Some side-eye. A curt “gurrrl, please.” A sarcastically drawn-out “ohhh-kaay.” These are just a few manifestations of shade, that versatile conversational tool long used by African-American woman and gay men. Thanks in part to reality TV, shade has spread in the culture, and Rashaad Newsome has seen a disturbing outcome: White people who casually throw shade also stereotype black people who do the same as “ghetto.”
Newsome is an internationally credited multidisciplinary artist. His response, in 2005, was to inaugurate the project he calls “Shade Compositions,” to turn the words and gestures of shade into musical pieces performed by a chorus of performers with attitude.
“Basically the piece is an orchestra, but instead of people playing the French horn, the tuba, things like that, they’re sucking their teeth, snapping their fingers, huffing and puffing, things like that,” he says.
The results can be funny, even campily so, even as they valorize this form of communication as an art form. “What the piece is attempting to do is really reclaim this vernacular,” Newsome says. “Through technology, through narrative, through repetition, through the gesture of collage, we’re able to achieve a contemporary piece of music.”
There have been eight “Shade Compositions,” from the first, in Paris, to cities from New York to San Francisco, and even venues in Russia and Austria. The ninth iteration debuts with a free ticketed show Wednesday in Pittsburgh, courtesy of Newsome’s month-long residency with The Andy Warhol Museum. It's Newsome's Pittsburgh debut.
Newsome, born in New Orleans, follows in Warhol’s footsteps by working across genres and blending fine arts and commercial work. At Art Basel Miami, in 2015, he produced a pageant that incorporated voguing alongside motorcycle gangs. He’s also staged hip-hop MC battles, created collages and videos, and mashed up bling with classic coats-of-arms.
For each new “Shade Compositions,” he recruits a new troupe featuring local performers. In Pittsburgh, that meant a November casting call for black performers who identify as women. “What I’m really looking for in the casting process is a sense of rhythm,” he says. He also needs performers who can act out a sustained narrative even while functioning as part of a larger chorus, with lots of cues to hit: “The piece is sort of like watching 16 one-woman shows at once.”
The performers chosen ranged in age from 19 to 50, and included actors, artists and musicians. Recording artist and blogger Lolo Ree called her audition “fun.”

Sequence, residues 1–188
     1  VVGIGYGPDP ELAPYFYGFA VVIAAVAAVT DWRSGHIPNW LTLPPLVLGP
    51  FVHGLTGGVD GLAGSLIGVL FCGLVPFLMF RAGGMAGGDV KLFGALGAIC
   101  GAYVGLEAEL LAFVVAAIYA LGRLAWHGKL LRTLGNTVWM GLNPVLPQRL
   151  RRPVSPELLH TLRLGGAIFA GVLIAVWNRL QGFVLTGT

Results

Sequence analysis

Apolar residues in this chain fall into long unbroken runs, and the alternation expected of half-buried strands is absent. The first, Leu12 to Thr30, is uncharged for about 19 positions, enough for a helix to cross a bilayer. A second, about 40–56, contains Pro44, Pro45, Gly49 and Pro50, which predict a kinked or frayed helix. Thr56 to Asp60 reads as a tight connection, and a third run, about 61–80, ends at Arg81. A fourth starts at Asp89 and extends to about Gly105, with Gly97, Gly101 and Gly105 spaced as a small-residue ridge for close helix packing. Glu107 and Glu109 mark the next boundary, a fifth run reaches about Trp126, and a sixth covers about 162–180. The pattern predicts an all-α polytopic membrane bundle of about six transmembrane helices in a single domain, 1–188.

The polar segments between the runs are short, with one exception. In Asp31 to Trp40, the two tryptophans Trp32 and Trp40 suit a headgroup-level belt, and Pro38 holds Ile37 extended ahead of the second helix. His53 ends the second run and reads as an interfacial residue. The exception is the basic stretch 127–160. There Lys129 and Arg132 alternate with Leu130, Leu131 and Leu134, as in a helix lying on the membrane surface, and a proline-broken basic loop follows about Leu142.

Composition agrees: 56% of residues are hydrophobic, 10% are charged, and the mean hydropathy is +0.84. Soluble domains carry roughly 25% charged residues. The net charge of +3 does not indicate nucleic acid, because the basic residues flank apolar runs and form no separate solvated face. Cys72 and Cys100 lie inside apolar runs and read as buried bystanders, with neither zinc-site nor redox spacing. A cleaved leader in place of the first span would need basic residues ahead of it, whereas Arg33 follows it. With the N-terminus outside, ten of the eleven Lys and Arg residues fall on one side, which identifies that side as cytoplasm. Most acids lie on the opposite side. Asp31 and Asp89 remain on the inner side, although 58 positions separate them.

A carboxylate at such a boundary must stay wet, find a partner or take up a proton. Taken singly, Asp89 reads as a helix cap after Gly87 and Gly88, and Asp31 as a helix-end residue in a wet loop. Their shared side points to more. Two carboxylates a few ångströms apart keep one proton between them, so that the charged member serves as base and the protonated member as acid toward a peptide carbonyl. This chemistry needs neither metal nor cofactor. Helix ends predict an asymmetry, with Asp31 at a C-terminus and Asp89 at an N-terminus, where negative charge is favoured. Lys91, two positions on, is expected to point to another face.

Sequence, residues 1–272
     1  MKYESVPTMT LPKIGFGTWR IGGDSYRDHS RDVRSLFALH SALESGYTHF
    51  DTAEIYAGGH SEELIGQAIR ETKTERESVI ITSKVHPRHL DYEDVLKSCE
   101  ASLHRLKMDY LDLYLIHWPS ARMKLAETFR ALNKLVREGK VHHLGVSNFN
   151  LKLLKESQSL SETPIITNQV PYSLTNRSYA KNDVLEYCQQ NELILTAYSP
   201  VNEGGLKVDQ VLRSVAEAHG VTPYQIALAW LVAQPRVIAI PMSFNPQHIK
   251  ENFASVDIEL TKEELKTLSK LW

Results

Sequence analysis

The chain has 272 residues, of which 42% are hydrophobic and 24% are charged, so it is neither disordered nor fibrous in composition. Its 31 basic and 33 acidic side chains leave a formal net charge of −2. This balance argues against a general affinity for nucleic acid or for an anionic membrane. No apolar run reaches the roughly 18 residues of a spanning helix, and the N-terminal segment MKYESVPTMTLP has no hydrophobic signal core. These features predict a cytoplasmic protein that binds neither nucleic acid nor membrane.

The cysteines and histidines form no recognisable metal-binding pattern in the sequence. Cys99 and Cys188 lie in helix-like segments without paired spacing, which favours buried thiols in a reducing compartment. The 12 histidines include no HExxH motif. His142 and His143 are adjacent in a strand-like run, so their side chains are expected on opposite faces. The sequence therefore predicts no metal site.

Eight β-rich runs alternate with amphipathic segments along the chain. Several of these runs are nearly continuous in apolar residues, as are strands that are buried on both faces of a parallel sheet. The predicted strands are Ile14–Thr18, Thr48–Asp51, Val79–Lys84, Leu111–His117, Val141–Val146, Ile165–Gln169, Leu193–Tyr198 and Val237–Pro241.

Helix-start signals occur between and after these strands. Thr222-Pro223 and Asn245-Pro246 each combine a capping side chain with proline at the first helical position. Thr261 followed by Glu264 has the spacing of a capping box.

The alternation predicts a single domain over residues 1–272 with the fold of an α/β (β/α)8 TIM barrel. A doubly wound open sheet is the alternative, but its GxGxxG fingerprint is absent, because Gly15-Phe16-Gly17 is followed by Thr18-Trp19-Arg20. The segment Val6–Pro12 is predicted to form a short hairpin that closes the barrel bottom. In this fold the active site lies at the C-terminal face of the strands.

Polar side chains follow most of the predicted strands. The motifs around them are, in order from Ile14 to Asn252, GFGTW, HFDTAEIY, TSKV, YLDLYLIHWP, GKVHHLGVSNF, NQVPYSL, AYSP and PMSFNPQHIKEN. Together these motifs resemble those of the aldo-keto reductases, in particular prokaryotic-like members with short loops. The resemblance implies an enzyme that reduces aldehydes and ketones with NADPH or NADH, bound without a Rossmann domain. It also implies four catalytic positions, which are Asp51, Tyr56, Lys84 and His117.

“He was like, ‘Let me see some sass. Let me see who you are when someone makes you mad. Or when you’re happy, or you’re trying to get your point across? What are your isms that make you you?’”
The ensemble (all of whom are being paid for their work) has been rehearsing nightly at the Warhol since late November. Newsome builds the performance from a recorded rhythm track that includes teeth-sucking sounds and finger-snaps, then layers on the live vocalizations and gestures. The performers stand three rows deep on the stage, like a choir, and Newsome acts as conductor, wielding a white remote-control unit in each hand to operate the pre-recorded sounds.
Variation within repetition is key: “Shades Compositions” is a great opportunity to hear many different ways someone can say, “uh-huh,” “bye, boy” and “OK.” Using just a handful of words and phrases, the piece builds to a polyrhythmic complexity.
Themes beyond pure shade do emerge in the 45-minute show, says Newsome. “We’re going to respond to sexual violence, which is really an epidemic facing all women today,” he says.
The show seems to have inspired the performers whom Newsome cast.
“A lot of the ‘mmm,’ ‘unh-huh’ -- black women’s signature expressions sometimes are deemed ghetto or not acceptable,” says Simone Jones, a sophomore studying musical theater at Carnegie Mellon University. “And here, Rashaad’s doing a really beautiful job, like right now we’re in a symphony. And that is exemplifying how beautiful and rhythmic and sweet sounding and taking back how we use our own language.”
Ree says the show’s strength lies partly in its simplicity.
“It’s literally just us being who we are as black women,” she says.
The Andy Warhol Museum is an underwriter of WESA.